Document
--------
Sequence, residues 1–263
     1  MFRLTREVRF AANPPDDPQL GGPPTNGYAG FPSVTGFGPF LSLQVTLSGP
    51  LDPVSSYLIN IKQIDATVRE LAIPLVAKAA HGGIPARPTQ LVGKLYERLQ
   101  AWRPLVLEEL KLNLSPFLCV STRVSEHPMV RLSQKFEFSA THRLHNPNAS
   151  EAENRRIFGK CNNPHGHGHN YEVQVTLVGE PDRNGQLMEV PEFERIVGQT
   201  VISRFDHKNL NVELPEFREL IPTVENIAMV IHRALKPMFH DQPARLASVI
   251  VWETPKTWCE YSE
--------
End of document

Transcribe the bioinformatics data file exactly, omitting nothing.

Sequence, residues 1–263
     1  MFRLTREVRF AANPPDDPQL GGPPTNGYAG FPSVTGFGPF LSLQVTLSGP
    51  LDPVSSYLIN IKQIDATVRE LAIPLVAKAA HGGIPARPTQ LVGKLYERLQ
   101  AWRPLVLEEL KLNLSPFLCV STRVSEHPMV RLSQKFEFSA THRLHNPNAS
   151  EAENRRIFGK CNNPHGHGHN YEVQVTLVGE PDRNGQLMEV PEFERIVGQT
   201  VISRFDHKNL NVELPEFREL IPTVENIAMV IHRALKPMFH DQPARLASVI
   251  VWETPKTWCE YSE